Eminent Domain Ruling Affects Dallas Cowboys Stadium
Last week’s ruling in the Kelo eminent domain case will be affecting Arlington, Texas residents whose houses are in the way of the Dallas Cowboys’ new stadium construction.
The Arlington City Council is expected to authorize on Tuesday eminent domain proceedings against as many as 19 properties needed for a new Dallas Cowboys stadium and approve resolutions paving the way for 33 more condemnations in the coming weeks.
Mayor Robert Cluck said the properties are owned by individuals who are either unwilling to sell or are demanding an unreasonable price for their homes or lots. Some have not responded to the city’s offers, he said, and a few would not allow city negotiators on their property. “If they can’t make reasonable counteroffers,” Dr. Cluck said, “we have to use this tool.” City officials said they would continue to negotiate with property owners through Tuesday to try to avoid the need for condemnation. However, Dr. Cluck said, some homeowners are unlikely to settle without legal action.
The city’s announcement came a day after the U.S. Supreme Court released a decision confirming that cities have wide latitude in condemning property for economic development purposes. That decision, which Dr. Cluck said didn’t affect the timing of next week’s votes, means that federal appeals of condemnations for the stadium in Arlington are unlikely.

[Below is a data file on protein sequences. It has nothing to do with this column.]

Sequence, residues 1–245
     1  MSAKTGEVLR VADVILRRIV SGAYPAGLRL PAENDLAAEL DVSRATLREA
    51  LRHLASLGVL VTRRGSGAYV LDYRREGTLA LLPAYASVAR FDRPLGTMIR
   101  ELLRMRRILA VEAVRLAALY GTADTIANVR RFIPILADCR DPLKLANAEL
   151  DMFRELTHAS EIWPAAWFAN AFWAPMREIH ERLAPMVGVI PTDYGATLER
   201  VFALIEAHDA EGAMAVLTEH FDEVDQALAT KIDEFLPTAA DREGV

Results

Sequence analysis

Robert Magnus, whose house is on the condemnation list, said he was unaware of the City Council’s vote next week, but he’s not surprised. He had hoped that the Supreme Court would help him with its Kelo v. New London case. Mr. Magnus would not say how much the city has offered him for the house he’s owned for two years, but he said it wasn’t enough to pay off his mortgage. “They are just giving me pennies and telling me to get out,” he said.
City officials said they are required to pay fair market value for the properties, and in addition, they are offering incentives ranging from $5,250 for renters to $22,500 for homeowners who agree to accept an offer and move quickly. Also, some moving expenses would be paid by the city.
Glenn Sodd, a Corsicana attorney specializing in eminent domain cases, could not be reached for comment Friday. He has said that he represents the owners of 15 homes and lots and four apartment complexes that are on the stadium site and that he would take the cases to the state Supreme Court if necessary.
Making people give up their homes in order that a football team can play eight home games a year is almost certainly not what the Constitution’s Framers had in mind. I’ve been a Cowboys fan since the mid-1970s and am glad to see them get a new stadium. But, surely, Jerry Jones has enough money to pay off the homeowners.
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